The importance of Attention Skills

In this month's edition,  Bill Connors  interviews aphasiatool box® clinician Brooke Lang;  they discuss  the importance of attention skills  in aphasia recovery.  Brooke  shows  examples of  tasks that she uses  with her clients, including  the Gradual Reading task,  the schwa-initiated  increasing syllables task, and other.

The Importance of  Attention Skills in Aphasia Recovery
The Importance of Attention Skills in Aphasia Recovery

Click here for the  May 2015 video on Gradual  Reading -

Time:  06:18

Summary: Greater variability in reaction time is associated with reduced gray matter volume in the ventromedial prefrontal cortex, a new study reports.  Source: Larner College of Medicine.  2017

Understanding how information flows within and between various brain regions is one of the many unsolved mysteries of neuroscience. Recently, a team of neuroscientists broke new ground by pinpointing a unique mechanism that operates like a "switchboard" in the cerebral cortex and appears to control the flow of sensory information in the mammalian brain.  2017

3.  Your Ability to Focus Has Probably Peaked : Here's How
In their new book,  The Distracted Mind: Ancient Brains in a High-Tech World , Dr. Adam Gazzaley, a neuroscientist, and Dr. Larry Rosen, a psychologist, explain how our ability to pay attention works and what we can do to stay focused.   2017

Cognitive flexibility represents someone's ability to shift thoughts and adapt his or her behavior to an ever-changing environment . Levels of cognitive flexibility are reflected by your ability to disengage from a previous task and respond effectively to another task-or to multitask. The more cognitive flexibility an individual has, the greater the chances are that this person can optimize his or her human potential.  2015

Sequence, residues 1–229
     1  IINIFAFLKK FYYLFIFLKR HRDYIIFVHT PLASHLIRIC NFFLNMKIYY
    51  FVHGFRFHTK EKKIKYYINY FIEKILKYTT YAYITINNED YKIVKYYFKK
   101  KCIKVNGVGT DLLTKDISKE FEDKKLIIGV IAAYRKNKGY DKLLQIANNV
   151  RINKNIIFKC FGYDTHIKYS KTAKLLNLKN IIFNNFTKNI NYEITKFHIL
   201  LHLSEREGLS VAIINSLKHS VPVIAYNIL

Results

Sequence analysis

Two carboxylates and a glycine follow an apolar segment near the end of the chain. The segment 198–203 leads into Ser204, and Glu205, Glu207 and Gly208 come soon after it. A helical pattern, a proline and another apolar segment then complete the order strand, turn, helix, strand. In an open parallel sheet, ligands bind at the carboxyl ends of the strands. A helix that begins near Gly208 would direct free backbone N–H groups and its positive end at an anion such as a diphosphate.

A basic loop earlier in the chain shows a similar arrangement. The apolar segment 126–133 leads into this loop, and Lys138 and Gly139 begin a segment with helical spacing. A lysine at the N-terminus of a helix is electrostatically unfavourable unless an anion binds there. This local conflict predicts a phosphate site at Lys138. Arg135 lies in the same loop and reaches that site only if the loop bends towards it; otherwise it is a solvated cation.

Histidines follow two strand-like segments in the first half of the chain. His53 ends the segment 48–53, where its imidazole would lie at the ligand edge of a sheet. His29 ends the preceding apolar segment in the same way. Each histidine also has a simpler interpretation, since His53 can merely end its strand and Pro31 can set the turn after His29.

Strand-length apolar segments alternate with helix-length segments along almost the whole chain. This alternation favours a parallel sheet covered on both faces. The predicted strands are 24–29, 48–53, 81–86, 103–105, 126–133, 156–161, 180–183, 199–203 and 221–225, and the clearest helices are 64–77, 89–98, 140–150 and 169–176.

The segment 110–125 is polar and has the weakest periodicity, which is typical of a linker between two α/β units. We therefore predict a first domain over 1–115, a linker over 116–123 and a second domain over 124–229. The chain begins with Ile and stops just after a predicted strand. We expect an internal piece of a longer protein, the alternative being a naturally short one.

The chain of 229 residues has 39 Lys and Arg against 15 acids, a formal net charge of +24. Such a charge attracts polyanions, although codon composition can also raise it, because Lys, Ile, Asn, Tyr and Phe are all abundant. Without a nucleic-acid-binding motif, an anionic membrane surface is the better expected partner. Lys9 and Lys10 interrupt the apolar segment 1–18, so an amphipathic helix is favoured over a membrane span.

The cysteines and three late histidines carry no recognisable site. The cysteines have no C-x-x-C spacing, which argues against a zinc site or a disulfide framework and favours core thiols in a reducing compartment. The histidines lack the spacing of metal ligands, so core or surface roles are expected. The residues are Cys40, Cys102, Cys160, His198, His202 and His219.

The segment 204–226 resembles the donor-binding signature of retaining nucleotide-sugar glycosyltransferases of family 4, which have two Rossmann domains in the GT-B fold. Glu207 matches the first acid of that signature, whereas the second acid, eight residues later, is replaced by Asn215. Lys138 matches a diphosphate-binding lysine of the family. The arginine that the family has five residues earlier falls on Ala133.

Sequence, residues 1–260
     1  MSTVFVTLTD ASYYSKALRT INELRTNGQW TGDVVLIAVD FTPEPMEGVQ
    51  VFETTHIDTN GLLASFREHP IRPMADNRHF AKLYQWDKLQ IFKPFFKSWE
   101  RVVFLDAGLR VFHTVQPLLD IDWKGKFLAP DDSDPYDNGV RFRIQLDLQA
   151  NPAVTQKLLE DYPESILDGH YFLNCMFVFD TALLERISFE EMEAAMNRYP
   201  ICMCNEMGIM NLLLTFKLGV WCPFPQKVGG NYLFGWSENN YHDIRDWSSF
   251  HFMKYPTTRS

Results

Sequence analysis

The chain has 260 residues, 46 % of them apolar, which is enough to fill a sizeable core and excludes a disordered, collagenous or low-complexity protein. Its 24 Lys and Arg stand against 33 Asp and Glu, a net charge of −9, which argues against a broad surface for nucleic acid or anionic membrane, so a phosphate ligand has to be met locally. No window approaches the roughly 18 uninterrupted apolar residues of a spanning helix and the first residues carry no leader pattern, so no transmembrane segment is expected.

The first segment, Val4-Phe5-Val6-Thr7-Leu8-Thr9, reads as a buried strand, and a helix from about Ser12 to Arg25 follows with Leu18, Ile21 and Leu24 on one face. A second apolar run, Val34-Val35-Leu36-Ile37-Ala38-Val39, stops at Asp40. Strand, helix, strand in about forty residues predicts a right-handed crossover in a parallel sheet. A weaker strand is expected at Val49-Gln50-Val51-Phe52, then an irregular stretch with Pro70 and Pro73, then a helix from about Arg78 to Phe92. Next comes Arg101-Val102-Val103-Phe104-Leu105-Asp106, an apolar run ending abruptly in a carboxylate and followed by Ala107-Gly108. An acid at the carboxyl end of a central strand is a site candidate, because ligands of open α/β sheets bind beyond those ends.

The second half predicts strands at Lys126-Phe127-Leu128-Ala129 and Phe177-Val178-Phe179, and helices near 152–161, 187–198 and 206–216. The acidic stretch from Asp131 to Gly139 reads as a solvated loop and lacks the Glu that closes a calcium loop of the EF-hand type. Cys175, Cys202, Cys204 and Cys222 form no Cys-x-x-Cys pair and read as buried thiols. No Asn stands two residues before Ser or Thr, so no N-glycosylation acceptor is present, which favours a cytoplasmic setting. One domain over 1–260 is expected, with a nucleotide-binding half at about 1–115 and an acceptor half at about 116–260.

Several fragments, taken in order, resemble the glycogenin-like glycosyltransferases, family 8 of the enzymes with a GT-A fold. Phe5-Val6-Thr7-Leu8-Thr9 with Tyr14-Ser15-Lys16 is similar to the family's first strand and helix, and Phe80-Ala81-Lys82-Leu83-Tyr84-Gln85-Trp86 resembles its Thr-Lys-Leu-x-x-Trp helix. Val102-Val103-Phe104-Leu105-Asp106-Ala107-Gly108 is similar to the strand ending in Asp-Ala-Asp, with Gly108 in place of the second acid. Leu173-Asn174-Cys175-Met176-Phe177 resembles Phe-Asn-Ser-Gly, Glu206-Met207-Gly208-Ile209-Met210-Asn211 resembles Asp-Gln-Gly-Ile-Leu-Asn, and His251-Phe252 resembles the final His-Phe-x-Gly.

Abstract: This study was designed to further elucidate the relationship between cognition and aphasia, with a focus on attention. It was hypothesized that individuals with aphasia would display variable deficit patterns on tests of attention and other cognitive functions and that their attention deficits, particularly those of complex attention functions, would be related to their language and communication status. A group of individuals with varying types and severity of aphasia and a group of age- and education-matched adults with no brain damage completed tests of attention, short-term and working memory, and executive functioning. Overall, the group with aphasia performed significantly more poorly than the control group on the cognitive measures but displayed variability in the presence, types, and severity of their attention and other cognitive deficits. Correlational and regression analyses yielded significant relations between participants' attention deficits and their language and communication status. The findings accorded well with prior research identifying (a) attention and other cognitive deficits in most but not all individuals with aphasia; (b) heterogeneity in the types and severity of attention and other cognitive symptoms among individuals with cognitive impairments; and (c) potent associations among attention, language, and other cognitive domains. Implications for clinical practice and future research are discussed.  2012

Cognitive-communication disorders are problems with communication that have an underlying cause in a cognitive deficit rather than a primary language or speech deficit.